Biographical disruption, abruption and repair in the context of Motor Neurone Disease

L Locock, Sue Ziebland, Carol Dumelow

Research output: Contribution to journalArticle

68 Citations (Scopus)

Abstract

Concepts of biographical disruption and repair have been widely applied to chronic illness, but not terminal illness. This paper examines the relevance of these concepts to motor neurone disease (MND), a progressive neurological condition characterised by loss of mobility, speech and ability to breathe or swallow. Survival is usually between two and five years, and some die within a few months. The condition thus lies at the boundary between chronic and terminal illness. Narrative interviews were conducted with 35 people living with MND and 11 family carers; analysis explored how people constructed their accounts as well as what they said. As well as accounts of biographical disruption, we identified a distinctive sense that the diagnosis is a 'death sentence' and life is already over, which we term 'biographical abruption'. We also found instances of biographical repair, as participants sought to make sense of their remaining life, restore normality and control, and find new meaning and identity.
Original languageEnglish
Pages (from-to)1043-1058
Number of pages16
JournalSociol Health Illn
Volume31
Issue number7
Early online date29 Jul 2009
DOIs
Publication statusPublished - Nov 2009

Fingerprint

illness
Disease
narrative interview
normality
chronic illness
death
ability

Cite this

Biographical disruption, abruption and repair in the context of Motor Neurone Disease. / Locock, L; Ziebland, Sue; Dumelow, Carol.

In: Sociol Health Illn, Vol. 31, No. 7, 11.2009, p. 1043-1058.

Research output: Contribution to journalArticle

Locock, L ; Ziebland, Sue ; Dumelow, Carol. / Biographical disruption, abruption and repair in the context of Motor Neurone Disease. In: Sociol Health Illn. 2009 ; Vol. 31, No. 7. pp. 1043-1058.
@article{bd6fb2ea2b844110bff8e64e1765cb93,
title = "Biographical disruption, abruption and repair in the context of Motor Neurone Disease",
abstract = "Concepts of biographical disruption and repair have been widely applied to chronic illness, but not terminal illness. This paper examines the relevance of these concepts to motor neurone disease (MND), a progressive neurological condition characterised by loss of mobility, speech and ability to breathe or swallow. Survival is usually between two and five years, and some die within a few months. The condition thus lies at the boundary between chronic and terminal illness. Narrative interviews were conducted with 35 people living with MND and 11 family carers; analysis explored how people constructed their accounts as well as what they said. As well as accounts of biographical disruption, we identified a distinctive sense that the diagnosis is a 'death sentence' and life is already over, which we term 'biographical abruption'. We also found instances of biographical repair, as participants sought to make sense of their remaining life, restore normality and control, and find new meaning and identity.",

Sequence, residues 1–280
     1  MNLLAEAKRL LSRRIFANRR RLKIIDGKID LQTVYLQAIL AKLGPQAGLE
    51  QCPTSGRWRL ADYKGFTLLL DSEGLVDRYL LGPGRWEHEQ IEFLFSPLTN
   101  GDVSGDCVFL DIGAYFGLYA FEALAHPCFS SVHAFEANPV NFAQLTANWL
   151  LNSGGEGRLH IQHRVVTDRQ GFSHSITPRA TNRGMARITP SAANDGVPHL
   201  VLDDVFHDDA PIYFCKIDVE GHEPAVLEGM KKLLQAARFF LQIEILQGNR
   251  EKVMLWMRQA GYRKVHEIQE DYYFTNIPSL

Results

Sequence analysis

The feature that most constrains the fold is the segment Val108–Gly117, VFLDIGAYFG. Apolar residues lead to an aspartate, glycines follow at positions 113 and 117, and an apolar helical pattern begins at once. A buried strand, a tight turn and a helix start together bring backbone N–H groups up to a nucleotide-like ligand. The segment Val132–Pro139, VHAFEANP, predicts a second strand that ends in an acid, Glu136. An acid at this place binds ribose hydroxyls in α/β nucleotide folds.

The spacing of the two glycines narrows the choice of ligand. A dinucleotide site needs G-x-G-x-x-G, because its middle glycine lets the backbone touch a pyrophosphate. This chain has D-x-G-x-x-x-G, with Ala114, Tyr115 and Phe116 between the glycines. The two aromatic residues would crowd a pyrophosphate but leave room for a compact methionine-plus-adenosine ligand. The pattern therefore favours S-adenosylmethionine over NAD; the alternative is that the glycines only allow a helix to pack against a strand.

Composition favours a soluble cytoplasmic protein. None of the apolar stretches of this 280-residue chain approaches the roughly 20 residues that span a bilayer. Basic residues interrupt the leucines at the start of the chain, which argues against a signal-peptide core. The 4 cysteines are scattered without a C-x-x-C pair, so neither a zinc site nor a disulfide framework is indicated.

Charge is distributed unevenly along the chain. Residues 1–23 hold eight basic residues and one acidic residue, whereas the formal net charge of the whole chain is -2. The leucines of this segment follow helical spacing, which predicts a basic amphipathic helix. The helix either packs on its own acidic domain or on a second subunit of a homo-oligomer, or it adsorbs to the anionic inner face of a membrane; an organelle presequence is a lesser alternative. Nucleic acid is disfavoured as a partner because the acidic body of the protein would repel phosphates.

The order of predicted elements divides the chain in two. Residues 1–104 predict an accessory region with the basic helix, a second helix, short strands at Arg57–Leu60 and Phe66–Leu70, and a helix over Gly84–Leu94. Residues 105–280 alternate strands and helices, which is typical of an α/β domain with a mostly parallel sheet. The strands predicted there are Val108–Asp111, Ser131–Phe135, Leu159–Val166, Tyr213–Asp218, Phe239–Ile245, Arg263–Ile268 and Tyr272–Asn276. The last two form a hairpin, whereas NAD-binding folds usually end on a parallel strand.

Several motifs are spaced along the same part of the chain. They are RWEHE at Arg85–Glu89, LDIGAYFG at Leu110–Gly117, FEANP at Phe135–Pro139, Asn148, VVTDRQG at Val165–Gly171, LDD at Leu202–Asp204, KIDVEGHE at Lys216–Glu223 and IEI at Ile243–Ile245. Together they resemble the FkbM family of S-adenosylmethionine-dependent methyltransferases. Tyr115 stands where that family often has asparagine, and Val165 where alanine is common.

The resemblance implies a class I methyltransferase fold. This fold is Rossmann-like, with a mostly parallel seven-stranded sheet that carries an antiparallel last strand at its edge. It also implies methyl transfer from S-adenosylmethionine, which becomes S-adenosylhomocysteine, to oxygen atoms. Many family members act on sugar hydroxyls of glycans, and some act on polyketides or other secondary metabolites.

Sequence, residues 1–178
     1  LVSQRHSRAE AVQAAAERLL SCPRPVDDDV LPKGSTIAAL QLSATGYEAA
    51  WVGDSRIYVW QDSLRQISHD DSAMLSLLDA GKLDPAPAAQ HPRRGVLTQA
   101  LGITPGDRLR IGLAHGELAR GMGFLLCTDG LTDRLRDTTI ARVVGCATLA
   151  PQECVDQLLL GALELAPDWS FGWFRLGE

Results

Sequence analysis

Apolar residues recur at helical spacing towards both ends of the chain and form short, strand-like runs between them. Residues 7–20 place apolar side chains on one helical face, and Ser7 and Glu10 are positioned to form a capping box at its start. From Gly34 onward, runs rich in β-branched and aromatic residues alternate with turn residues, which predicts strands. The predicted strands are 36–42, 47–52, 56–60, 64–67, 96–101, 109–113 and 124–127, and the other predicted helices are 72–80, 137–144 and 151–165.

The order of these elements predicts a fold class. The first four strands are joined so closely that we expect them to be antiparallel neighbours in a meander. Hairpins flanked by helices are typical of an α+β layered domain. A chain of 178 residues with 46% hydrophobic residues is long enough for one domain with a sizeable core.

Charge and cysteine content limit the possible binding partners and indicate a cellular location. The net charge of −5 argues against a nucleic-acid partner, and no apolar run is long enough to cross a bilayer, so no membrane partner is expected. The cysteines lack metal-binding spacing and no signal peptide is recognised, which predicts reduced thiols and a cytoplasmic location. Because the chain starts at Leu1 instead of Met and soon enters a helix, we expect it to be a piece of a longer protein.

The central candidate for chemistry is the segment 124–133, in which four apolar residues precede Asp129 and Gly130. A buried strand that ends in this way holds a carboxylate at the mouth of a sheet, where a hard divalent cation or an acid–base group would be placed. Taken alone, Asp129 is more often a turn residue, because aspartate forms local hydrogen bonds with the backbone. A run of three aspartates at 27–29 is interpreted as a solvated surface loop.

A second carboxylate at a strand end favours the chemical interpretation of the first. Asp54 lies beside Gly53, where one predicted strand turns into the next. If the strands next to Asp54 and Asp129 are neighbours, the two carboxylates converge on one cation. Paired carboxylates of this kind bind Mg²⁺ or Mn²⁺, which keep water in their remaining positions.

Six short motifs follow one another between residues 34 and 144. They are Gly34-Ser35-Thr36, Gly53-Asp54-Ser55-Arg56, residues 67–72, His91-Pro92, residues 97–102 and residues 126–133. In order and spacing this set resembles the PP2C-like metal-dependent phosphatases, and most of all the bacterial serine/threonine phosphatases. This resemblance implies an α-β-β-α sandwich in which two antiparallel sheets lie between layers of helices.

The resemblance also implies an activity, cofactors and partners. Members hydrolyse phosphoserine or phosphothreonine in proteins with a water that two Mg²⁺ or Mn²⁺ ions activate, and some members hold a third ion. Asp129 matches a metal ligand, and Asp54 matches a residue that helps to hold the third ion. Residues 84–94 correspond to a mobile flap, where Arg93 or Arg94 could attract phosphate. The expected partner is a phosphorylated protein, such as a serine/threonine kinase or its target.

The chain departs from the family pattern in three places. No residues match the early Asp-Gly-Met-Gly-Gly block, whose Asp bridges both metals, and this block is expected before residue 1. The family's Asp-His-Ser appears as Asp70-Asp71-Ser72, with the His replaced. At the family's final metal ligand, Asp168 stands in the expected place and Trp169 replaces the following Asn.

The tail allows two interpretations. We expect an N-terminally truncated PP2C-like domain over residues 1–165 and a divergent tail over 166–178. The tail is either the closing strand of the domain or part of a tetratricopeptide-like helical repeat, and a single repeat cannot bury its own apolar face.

author = "L Locock and Sue Ziebland and Carol Dumelow",
year = "2009",
month = "11",
doi = "10.1111/j.1467-9566.2009.01176.x",
language = "English",
volume = "31",
pages = "1043--1058",
journal = "Sociol Health Illn",
number = "7",

}

TY - JOUR

T1 - Biographical disruption, abruption and repair in the context of Motor Neurone Disease

AU - Locock, L

AU - Ziebland, Sue

AU - Dumelow, Carol

PY - 2009/11

Y1 - 2009/11

N2 - Concepts of biographical disruption and repair have been widely applied to chronic illness, but not terminal illness. This paper examines the relevance of these concepts to motor neurone disease (MND), a progressive neurological condition characterised by loss of mobility, speech and ability to breathe or swallow. Survival is usually between two and five years, and some die within a few months. The condition thus lies at the boundary between chronic and terminal illness. Narrative interviews were conducted with 35 people living with MND and 11 family carers; analysis explored how people constructed their accounts as well as what they said. As well as accounts of biographical disruption, we identified a distinctive sense that the diagnosis is a 'death sentence' and life is already over, which we term 'biographical abruption'. We also found instances of biographical repair, as participants sought to make sense of their remaining life, restore normality and control, and find new meaning and identity.

AB - Concepts of biographical disruption and repair have been widely applied to chronic illness, but not terminal illness. This paper examines the relevance of these concepts to motor neurone disease (MND), a progressive neurological condition characterised by loss of mobility, speech and ability to breathe or swallow. Survival is usually between two and five years, and some die within a few months. The condition thus lies at the boundary between chronic and terminal illness. Narrative interviews were conducted with 35 people living with MND and 11 family carers; analysis explored how people constructed their accounts as well as what they said. As well as accounts of biographical disruption, we identified a distinctive sense that the diagnosis is a 'death sentence' and life is already over, which we term 'biographical abruption'. We also found instances of biographical repair, as participants sought to make sense of their remaining life, restore normality and control, and find new meaning and identity.

U2 - 10.1111/j.1467-9566.2009.01176.x

DO - 10.1111/j.1467-9566.2009.01176.x

M3 - Article

VL - 31

SP - 1043

EP - 1058

JO - Sociol Health Illn

JF - Sociol Health Illn

IS - 7

ER -